Medicine vs. Surgery – Citation and Publication Trends


So, which discipline does get the most scholarly attention? 

Surgical journals publish almost twice as many articles as Medical journals

Based on the way ISI classifies journals, there have consistently been more scholarly publications on the topic of Surgery than there were on the topic of Medicine (either general medical articles or internal medicine). 

This does not cover other medical publications categorized under medical specialties, such as Oncology, Anesthesiology or Pediatrics.  (To see an analysis of these medical categories for 2009, please see the article “Medical Sciences – Research and Impact Analysis”.)

While the Surgery category is an average 30% larger than its Medical counterpart in terms of journals, these Surgery journals publish almost twice as many articles as the Medical category.

Medicine outperforms Surgery in citations

But while there is quite a bit more activity coming from Surgery than Medicine, the citations have traditionally favored the Medical journals.

When looking at average citations per journal, the Medicine category has almost doubled the rate of the Surgical journals, although in 2009 the variance is much less.

When we factor in the number of items published vs. the number of citations for each category, the discrepancy widens even more.   During all of the past 10 years, the subject category Medicine received on average more than double the number of citations per article the Surgery category did.

<Note:> Citations per article metric means # citations received in current year divided by # articles published in current year.

                   

  

 

 
 
 

 

 

Surgery outperforms Medicine in Cited Half-Life, while Medicine wins in Immediacy

Citation Longevity tells us how long citations remain relevant.  As we know, the majority of the scientific community, whether publishers, institutions or researchers, looks primarily at Impact Factor, which we will look at shortly.  But Impact Factor just covers a short period of time.Cited Half-Life of a journal tells us the median age of articles being cited.  A journal’s 2009 Cited Half-Life would be the median age of articles being cited in 2009.  (Note that ISI only tracks to a maximum Cited Half-Life of “10+ years”.)  In the case of Medicine vs Surgery, we see that Surgery has a slight historic edge, beating out Medicine by a range of 10-20%.  In 2009, Surgery had a 10% edge, with articles 7.2 years old or older receiving half of 2009’s cited references, while Medicine saw a Cited Half-Life of 6.5 years.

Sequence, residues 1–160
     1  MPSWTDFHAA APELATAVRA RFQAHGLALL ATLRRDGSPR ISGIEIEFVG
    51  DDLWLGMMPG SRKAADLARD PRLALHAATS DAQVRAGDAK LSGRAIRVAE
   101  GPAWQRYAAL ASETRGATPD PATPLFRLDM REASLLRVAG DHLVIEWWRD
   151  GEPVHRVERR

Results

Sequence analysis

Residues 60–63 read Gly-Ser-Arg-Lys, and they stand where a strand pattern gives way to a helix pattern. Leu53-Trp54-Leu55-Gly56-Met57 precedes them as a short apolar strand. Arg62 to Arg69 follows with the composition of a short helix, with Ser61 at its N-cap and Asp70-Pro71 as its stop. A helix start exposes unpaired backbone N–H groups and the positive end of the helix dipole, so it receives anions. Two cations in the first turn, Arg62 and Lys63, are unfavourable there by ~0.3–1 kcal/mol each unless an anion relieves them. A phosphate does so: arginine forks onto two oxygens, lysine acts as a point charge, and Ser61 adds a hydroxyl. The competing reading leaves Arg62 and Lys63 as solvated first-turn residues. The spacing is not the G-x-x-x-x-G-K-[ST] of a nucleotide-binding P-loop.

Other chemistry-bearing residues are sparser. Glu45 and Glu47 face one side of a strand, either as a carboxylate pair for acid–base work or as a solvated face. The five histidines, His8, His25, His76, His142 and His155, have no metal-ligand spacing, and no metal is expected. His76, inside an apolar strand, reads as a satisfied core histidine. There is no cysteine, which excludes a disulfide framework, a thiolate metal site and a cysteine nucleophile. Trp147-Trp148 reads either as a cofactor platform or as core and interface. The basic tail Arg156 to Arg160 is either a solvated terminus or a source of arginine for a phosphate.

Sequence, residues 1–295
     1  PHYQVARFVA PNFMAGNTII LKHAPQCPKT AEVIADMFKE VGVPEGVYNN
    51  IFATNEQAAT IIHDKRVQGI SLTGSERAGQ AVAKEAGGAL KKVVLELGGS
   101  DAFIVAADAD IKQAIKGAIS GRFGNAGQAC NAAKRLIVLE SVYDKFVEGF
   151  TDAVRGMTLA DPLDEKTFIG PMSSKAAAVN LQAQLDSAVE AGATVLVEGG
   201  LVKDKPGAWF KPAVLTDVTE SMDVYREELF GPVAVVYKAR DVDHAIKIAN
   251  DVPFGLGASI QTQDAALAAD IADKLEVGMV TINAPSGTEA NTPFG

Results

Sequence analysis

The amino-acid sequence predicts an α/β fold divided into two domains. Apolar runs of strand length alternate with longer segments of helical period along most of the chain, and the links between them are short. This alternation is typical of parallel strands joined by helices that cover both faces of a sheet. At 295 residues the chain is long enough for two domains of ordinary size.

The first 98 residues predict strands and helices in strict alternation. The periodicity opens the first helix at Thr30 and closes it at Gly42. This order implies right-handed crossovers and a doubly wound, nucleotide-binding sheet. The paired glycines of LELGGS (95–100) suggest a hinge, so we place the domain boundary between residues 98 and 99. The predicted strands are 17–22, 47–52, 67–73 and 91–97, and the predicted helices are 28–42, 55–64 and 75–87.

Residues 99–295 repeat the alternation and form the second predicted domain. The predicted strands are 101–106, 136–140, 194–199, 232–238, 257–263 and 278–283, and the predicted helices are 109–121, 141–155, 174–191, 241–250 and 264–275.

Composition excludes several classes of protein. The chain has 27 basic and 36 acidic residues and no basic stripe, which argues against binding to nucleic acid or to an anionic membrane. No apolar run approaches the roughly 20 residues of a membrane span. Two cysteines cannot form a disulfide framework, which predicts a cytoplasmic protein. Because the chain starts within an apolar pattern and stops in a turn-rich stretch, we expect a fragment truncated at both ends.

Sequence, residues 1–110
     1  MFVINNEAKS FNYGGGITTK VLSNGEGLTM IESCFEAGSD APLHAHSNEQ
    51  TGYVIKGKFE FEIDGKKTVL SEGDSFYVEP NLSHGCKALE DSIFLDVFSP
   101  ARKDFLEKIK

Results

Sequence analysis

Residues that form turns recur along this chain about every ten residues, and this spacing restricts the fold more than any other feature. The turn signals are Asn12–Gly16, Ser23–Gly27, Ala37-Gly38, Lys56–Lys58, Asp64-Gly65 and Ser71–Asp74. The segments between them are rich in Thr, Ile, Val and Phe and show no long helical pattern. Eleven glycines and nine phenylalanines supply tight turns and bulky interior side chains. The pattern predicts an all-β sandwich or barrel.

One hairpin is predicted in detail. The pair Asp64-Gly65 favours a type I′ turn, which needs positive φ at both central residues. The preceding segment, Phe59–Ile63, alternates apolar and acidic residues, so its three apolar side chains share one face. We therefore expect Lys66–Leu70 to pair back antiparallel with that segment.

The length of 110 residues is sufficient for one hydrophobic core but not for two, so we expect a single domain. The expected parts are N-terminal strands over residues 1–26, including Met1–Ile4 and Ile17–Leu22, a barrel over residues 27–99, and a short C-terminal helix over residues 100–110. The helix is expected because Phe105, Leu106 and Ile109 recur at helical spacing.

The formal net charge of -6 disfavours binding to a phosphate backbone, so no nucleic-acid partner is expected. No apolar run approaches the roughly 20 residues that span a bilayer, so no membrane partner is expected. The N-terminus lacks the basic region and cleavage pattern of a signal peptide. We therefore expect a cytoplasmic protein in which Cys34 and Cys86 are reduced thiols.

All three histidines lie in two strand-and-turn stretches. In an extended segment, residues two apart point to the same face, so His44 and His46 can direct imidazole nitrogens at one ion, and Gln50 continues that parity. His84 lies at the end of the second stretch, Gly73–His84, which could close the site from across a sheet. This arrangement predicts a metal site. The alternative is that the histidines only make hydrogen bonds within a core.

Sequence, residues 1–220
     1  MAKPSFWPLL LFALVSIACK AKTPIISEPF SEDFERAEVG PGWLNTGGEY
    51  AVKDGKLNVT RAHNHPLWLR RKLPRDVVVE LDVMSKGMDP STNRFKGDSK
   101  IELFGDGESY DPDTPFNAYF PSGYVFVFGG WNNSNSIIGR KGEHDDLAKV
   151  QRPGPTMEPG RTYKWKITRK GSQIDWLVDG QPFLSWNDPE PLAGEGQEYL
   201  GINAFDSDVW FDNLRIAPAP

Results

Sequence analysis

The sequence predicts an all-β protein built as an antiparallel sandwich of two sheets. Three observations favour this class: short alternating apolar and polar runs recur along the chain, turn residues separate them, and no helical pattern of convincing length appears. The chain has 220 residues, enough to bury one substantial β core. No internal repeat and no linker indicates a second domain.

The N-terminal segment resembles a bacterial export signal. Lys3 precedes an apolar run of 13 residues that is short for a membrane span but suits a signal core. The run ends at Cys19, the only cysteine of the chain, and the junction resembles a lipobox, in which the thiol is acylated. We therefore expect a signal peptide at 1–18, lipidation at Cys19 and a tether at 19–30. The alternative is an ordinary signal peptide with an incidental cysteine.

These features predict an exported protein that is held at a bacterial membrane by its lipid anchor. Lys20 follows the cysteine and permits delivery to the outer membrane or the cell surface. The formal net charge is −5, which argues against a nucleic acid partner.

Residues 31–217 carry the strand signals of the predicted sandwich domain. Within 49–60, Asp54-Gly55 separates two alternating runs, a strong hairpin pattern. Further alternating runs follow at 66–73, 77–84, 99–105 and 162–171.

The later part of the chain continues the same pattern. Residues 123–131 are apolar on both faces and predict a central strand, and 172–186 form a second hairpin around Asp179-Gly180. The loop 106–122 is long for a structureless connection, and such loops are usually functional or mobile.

The Immediacy Index shows us how quickly articles are being cited.  A journal’s 2009 Immediacy Index is the average number of citations a journal is receiving within year of publication.  And as we see from the above, Medicine routinely outperforms Surgery in Immediacy – at a rate of almost 4 to 1 in places.  In 2009, Medicine had almost a 3:1 advantage in Immediacy, with medical journals receiving an average of 0.75 citations per article in 2009, while surgical journals received an average of 0.27 citations per article.  So, essentially, 3 out of 4 medical articles published in 2009 received a citation in 2009, while only 1 out of 4 surgical articles received a citation in that same year.  And 2009 saw the least variance between the two categories.

Medicine has a much larger range of Impact Factors than Surgery

 The Annals of Surgery is 2009’s Impact Factor winner for the Surgery category, with an Impact Factor of 7.900.  Other notables include AM J TRANSPLANT, BRIT J SURGERY and ENDOSCOPY in recent years.  But Medicine has routinely outperformed Surgery in area of Impact Factor, with 8 journals receiving a higher IF than Surgery’s 2009 winner.

With a 2009 Impact Factor of 47.050, the New England Journal of Medicine clearly has the highest Impact Factor, as it has for the past nine years.  NEJM is followed by LANCET and JAMA (the Journal of the American Medical Association) with respective Impact Factors of 30.758 and 28.899.  This means that for these three journals alone, during 2009 they received over 100 citations for every article published during 2007-2008.